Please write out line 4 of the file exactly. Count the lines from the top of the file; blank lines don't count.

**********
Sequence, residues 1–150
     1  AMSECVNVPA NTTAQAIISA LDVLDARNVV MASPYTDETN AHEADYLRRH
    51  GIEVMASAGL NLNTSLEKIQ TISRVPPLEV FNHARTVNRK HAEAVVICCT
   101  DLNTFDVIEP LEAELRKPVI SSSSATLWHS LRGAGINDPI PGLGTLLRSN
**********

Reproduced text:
   101  DLNTFDVIEP LEAELRKPVI SSSSATLWHS LRGAGINDPI PGLGTLLRSN